Different analytic tools will provide different levels of detail regarding the amount of time your readers have spent on your site. For example:

  • Alexa and Google Analytics give you only the average visit duration of all your visitors.
  • Piwik gives you the average visit duration, as well as the total time your visitors have spent on your site.
  • AWSTATS gives you the average visit duration time plus a detailed breakdown of how much time your visitors spent on your site. I have found this to be a fantastic resource that can provide you with a much better picture of how engaged your readers actually are.

Here is an example of an AWSTATS ‘visits duration’ table for this site back in 2014:

Number of visits: 476,576 – Average: 707 s Number of visits Percent
0s-30s 328,537 68.90%
30s-2mn 10,690 2.20%
2mn-5mn 8,864 1.80%
5mn-15mn 16,367 3.40%
15mn-30mn 20,360 4.20%
30mn-1h 42,112 8.80%
1h+ 49,517 10.30%
Unknown 129 0%

The ‘bounce rate’ for the site during this period was about 70%. That is consistent with the information we see in the first two rows, and possibly a portion of the third row. Things start to turn around in rows 4-7, as people who stay on the site for more than 5 minutes are likely to have viewed more than one page.

While the ‘bounce’ figures might seem really high, take a look at the people who stayed on the site for 30 minutes to an hour or more. You can safely assume that 20-25% of the visitors to this site do read the content. Not only do they read it, but they really read it. Clearly, these people are actively engaged.

The Shape of Our Stats

What I find so fascinating about these statistics is that they form an inverted curve:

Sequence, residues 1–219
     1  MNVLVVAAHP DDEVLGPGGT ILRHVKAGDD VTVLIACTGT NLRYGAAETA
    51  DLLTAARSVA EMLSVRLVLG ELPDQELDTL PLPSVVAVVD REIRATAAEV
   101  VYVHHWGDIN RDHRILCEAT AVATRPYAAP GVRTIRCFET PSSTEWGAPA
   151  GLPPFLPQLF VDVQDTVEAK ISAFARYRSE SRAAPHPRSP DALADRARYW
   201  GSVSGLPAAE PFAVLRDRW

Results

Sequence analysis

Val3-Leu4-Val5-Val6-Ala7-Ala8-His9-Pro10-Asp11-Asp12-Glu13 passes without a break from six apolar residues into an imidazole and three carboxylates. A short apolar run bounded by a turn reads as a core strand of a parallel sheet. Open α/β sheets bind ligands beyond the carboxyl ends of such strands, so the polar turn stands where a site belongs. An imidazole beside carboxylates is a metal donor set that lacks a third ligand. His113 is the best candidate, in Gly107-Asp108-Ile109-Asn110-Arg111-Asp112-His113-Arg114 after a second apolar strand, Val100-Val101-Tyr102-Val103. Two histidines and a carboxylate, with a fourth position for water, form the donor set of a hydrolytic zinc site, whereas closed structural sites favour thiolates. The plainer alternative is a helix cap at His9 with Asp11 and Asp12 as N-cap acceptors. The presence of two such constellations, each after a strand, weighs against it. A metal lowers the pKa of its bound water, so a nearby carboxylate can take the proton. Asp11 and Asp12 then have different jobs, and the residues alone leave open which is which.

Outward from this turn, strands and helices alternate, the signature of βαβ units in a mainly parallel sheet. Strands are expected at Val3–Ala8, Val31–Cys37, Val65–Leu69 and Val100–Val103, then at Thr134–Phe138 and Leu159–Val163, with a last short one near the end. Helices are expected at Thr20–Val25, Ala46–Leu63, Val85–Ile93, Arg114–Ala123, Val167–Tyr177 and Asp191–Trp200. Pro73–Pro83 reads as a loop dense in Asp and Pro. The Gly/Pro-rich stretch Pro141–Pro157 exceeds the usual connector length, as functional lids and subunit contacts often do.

Chart - Time Visitors Spent on Site

While perhaps not a true bell curve, it’s a curve nonetheless, with a dip after a sharp decline, and then a significant rise at the end. What is interesting is to see how the largest percentage of visitors are those whose opinion of the site is clearly obvious:

  • 70% are definitely disinterested (leaving the site within 30 seconds)
  • 25% are definitely interested (staying on the site for 15 minutes or longer)
  • Only about 5% could be classified as ambiguous or undecided, (staying on the site between 2 and 15 minutes)

To me, this demonstrates something I would call the ‘Marmite Factor’: most people either LOVE or HATE the site when they come to it.

Let’s look at these figures another way. If we ignore the 70% who are definitely disinterested – who are either spammers or people who are clearly disinterested and unlikely to return another day – and subtract them from our monthly total, we are left with a total of 137,349 visits. Of those 137,349 visits, 111,989 of them (about 82%) are comprised of people who stayed on the site for 15 minutes to over an hour. This shows that an overwhelming majority of people who actually READ our content are very engaged. In fact, among those engaged people, the LARGEST percentage of spent over an hour on the site.

In my eyes, if you’re a small business owner, WHO CARES if you have a 70% bounce rate when nearly 50,000 of your readers spend over an hour per visit to your site, and over 100,000 stay more than 15 minutes (and obviously read multiple articles while they are there)? The important thing is to maintain this level of high engagement, while steadily increasing your overall traffic.

Always remember:

Statistics aren’t just about quantity.
Their ultimate purpose is to help us understand the quality of your audience’s experience.

The Bigger Picture